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This is one of those rare books that strikes the right balance between being choked full of fascinating information, and not being over the head of a non-specialists. It has a tremendous breadth of coverage, and I would absolutely recommend it first (before anything by Sachs or Easterly, for example) for those interested in development economics. (It's not a bad read for economists either.)
For those who don't know: there's a longstanding feud between Sachs and Easterly--who sit at opposite ends of Manhattan at Columbia and NYU respectively--over, among other things, whether giving more aid to poor countries actually does any good, with Sachs arguing that it does, and Easterly basically arguing that if you don't have good "institutions"--which no one ever quite fully defines--nothing is going to help. Banerjee and and Duflo, at MIT, are trying to move the discipline beyond this old argument, and I would say largely succeed in this book. They do this by focusing on data driven results, especially experimental results, which are very rare in much of economics, but are becoming more and more the norm in development since there's a good deal of donor money and projects in poor countries can be remarkably inexpensive. So, for example, there's this really old irritating argument over whether giving away mosquito bednets, as opposed to selling them cheaply, actually leads to less usage because people don't value them. Well, someone finally actually did the experiment, and found that people who are given bednets mostly do actually use them, though they may take extras and waste them, and selling them really cheap works pretty well too. This is what development economists spend their time on.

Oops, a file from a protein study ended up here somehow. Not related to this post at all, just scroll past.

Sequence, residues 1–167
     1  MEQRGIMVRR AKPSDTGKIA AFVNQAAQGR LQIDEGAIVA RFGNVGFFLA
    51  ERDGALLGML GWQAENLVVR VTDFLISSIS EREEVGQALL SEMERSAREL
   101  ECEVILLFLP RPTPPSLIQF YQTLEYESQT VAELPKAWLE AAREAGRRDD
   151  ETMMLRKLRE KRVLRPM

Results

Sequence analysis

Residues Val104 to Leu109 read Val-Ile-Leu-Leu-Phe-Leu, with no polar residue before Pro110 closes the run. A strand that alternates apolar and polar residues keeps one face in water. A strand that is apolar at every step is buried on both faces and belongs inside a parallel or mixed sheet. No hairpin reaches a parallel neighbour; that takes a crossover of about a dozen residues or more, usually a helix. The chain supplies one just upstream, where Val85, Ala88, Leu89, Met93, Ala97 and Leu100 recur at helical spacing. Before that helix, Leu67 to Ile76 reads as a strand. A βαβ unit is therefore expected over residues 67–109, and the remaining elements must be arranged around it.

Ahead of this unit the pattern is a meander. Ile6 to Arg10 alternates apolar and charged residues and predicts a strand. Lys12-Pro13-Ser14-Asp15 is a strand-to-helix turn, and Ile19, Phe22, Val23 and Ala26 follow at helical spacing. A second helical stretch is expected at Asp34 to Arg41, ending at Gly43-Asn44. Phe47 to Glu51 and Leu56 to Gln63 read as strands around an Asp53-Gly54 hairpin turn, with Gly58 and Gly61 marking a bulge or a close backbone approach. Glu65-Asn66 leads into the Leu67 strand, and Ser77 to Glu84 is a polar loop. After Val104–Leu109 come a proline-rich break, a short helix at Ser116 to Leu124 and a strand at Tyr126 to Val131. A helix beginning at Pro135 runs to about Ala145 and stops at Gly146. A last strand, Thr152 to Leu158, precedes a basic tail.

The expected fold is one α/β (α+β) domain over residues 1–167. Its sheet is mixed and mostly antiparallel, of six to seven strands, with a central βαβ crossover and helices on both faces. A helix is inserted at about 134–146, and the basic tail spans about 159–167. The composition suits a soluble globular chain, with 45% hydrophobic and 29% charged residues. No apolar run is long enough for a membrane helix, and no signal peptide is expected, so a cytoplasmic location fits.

But there are many more interesting facts to be learned from this book. For example, hunger apparently isn't a problem almost anywhere in the world, though a few specific spots in sub-Saharan Africa may be exceptions. But in most places, if you give people more money to be spent on food, they don't end up eating any more calories; they just eat nicer food. On the other hand, poor nutrition among children and pregnant women may be an issue with serious long-term costs. Community scale drinking water systems may be one of the most effective ways of preventing illness. Microfinance doesn't hurt the poor, but it doesn't seem to help all that much either. Insurance schemes for the poor may seem like a nice idea, but are very hard to implement and are often resisted by those they're intended to help.
My main quibble: This new approach to development is inherently microeconomic (as opposed to macro) in nature. You can't really do macroeconomic experiments where you transform one country's economy and not another. Which doesn't mean macro issues aren't discussed at all--there's a very long discourse on how poverty traps, essentially a macro idea, are to be understood at the micro level. But some of the big ideas in development are inherently macro in nature. One book can't do everything, but since I really do think this should be the first book non-specialists read, I would have liked the authors to summarize some of the other perspectives on the field a little more/better.